Ivermectin (IVM) is known as one of the most beneficial and safe antiparasitic drugs used to prevent, control, and treat various types of parasites on the animal. If you intend to use Ivermectin for chickens, then read through this article for more detailed information on how much to give, how long it takes to work, egg withdrawal period, and so on.
What is Ivermectin for chickens?
IVM is a medication used to treat internal and external parasite infestations in humans and animals with great success and limited side effects. This drug kills most species of adult roundworms in poultry and is also given as a treatment for scaly leg mites, intestinal parasites, and lice.
IVM was an absolute revolution in parasite control. For the past 30 plus years, it has been used to treat livestock, such as sheep and cattle to protect them from awful parasites.
How does Ivermectin work?
Nerve cells have glutamate ion channels which are important in cellular signaling. These channels open and close continuously to start off a signaling pathway within the cell.
Ivermectin binds to receptors of these channels and keeps them open all the time. From there, the drug allows ions to enter and create an ion imbalance. After that, the cell signals wrongly and generally lead to paralysis.
How to give Ivermectin for chickens?
There are many different brands and derivatives of Ivermectin. Some products are absorbed by ingestion through the flocks’ water supply and others are placed on the skin intravenously, orally, topically. The easiest method trusted by a lot of chicken owners is to use it externally via drops on the back of the hen’s neck.
If IVM is applied topically on the skin, the dosage would be 200 micrograms (=.04ml)/kilo. One drop from a standard eyedropper = .05ml; hence if your chicken weighs 2 kilos, the dosage would be less than 2 drops.
With proper doses, IVM is a safe and effective medication. On the other hand, with higher doses of IVM, egg production and feed as well as water consumption are noticeably reduced.
Additionally, overdosing your chickens can create a mass die-off of worms. Chickens normally live in harmony with internal parasites, so it only becomes problematic if chickens have a heavy infestation.
How long does Ivermectin take to work on chickens?
Ivermectin can take about 2 or 3 days to completely kill the parasites present on a chicken’s body.
Remember to repeat with a second treatment in 7-10 days to ensure you have killed any larvae that have hatched subsequently to the first one. For the best result, you should treat about every 3-4 weeks to keep them clean.
Can you eat eggs after Ivermectin?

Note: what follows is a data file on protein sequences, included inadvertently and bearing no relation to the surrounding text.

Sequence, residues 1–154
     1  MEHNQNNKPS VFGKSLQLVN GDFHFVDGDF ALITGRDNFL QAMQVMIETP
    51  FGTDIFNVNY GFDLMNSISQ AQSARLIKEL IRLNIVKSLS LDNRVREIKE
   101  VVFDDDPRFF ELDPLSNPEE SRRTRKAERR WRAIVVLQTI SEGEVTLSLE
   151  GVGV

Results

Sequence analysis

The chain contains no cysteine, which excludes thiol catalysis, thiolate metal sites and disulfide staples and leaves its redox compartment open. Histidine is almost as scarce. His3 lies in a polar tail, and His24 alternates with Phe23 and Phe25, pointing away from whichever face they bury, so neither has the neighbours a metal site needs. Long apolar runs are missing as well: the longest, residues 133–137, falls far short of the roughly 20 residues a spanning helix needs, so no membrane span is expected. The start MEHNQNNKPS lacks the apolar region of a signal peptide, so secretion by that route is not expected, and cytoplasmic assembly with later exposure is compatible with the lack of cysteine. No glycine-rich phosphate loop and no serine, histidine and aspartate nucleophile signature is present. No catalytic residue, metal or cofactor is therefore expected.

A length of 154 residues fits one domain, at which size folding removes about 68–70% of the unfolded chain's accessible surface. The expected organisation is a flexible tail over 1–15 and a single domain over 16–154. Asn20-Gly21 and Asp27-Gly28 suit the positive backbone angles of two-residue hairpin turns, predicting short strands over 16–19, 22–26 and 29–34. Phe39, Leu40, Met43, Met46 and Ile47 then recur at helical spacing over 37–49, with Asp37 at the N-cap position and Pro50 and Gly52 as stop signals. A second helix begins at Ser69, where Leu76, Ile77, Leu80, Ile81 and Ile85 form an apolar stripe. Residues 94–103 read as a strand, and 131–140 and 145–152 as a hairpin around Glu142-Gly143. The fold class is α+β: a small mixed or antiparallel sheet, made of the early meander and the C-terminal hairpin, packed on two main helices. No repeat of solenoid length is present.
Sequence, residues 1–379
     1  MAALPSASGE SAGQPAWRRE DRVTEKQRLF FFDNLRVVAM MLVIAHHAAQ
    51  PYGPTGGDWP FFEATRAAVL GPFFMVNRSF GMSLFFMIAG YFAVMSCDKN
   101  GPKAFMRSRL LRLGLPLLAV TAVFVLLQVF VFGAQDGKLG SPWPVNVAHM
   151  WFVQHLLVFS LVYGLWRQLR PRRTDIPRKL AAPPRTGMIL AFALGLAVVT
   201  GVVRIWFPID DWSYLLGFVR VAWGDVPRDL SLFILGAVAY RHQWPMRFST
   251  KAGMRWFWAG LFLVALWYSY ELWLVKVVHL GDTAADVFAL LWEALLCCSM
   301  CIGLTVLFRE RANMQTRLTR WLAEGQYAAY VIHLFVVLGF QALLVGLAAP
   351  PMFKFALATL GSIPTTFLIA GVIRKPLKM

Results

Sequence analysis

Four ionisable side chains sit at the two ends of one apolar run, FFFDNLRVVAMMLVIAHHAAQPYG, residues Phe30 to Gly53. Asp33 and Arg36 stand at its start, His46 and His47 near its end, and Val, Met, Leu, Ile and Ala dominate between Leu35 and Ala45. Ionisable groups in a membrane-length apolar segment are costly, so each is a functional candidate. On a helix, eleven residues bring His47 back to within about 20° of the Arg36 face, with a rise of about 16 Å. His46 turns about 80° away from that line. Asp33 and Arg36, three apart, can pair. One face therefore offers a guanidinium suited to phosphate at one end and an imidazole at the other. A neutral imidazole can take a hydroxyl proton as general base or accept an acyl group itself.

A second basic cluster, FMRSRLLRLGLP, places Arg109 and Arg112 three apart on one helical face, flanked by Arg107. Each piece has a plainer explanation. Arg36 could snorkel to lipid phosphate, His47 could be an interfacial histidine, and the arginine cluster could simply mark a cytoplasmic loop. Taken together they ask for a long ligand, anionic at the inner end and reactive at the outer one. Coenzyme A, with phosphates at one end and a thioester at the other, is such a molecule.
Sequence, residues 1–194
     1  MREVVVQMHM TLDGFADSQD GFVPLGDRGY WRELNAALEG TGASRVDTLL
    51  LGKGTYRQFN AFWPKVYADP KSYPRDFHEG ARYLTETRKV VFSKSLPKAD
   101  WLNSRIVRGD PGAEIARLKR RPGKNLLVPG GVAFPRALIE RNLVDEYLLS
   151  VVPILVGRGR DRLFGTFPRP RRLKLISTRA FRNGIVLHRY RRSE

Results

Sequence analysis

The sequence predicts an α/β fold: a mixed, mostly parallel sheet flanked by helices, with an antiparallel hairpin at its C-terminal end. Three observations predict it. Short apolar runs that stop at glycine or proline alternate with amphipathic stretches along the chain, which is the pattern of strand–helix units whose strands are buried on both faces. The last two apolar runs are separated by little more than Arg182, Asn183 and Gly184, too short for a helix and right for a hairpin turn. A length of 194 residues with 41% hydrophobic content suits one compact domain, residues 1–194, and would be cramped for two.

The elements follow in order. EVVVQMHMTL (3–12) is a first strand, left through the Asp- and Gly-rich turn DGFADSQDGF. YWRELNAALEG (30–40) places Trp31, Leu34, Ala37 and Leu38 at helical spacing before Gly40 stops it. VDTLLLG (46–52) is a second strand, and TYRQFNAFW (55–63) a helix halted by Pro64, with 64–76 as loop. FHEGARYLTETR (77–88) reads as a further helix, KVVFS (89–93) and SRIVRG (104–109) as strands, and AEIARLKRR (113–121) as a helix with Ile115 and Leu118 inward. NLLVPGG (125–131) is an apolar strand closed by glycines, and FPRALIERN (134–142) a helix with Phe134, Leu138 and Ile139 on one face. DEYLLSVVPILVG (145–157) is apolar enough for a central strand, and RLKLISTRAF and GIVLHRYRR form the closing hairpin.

The graph above describes Ivermectin residues after oral administration. After 5 days, although IVM residues were not found in egg white, significant residues were quantified in the yolk.
When injected (400ug/kg), it took 2 days for the concentration of the drug to be halved within the body. This same dose was presented in drinking water over a period of 5 days. After 8 days, the level of IVM is about 50ng/gm of egg yolk.
As advised by many vets, the egg withdrawal period should be 8 days because residue ending in the egg yolk then will clear when it applies to water.
It is recommended that eggs treated with Ivermectin should not be consumed by humans after a period of 14 days. From then on, the level of the drug in chickens is considered negligible and the consumption of eggs from the poultry can resume.
How long after Ivermectin can you eat the chickens?
After Ivermectin treatment, be sure to follow the meat withdrawal timeframes. As advised by the Vet, slaughtering chickens for human consumption is 28 days after the IVM treatment.
Is Ivermectin toxic to humans?
Ivermectin has continually proved to be safe for human use. Mammals have a blood-brain barrier, which stops the majority of large chemicals from passing through the membrane and into the brain tissues. However, due to its large structure, IVM cannot pass or affect the nerve cells in the brain, hence it is toxic to parasites but not to humans.
Ivermectin was a truly revolutionary drug in control of uninvited visitors because of a good safety profile as well as low adverse effects. I hope the article provided adequate information about Ivermectin for chickens and other related questions. So, why don’t you take action immediately to guarantees the safety of this animal food product for our consumption?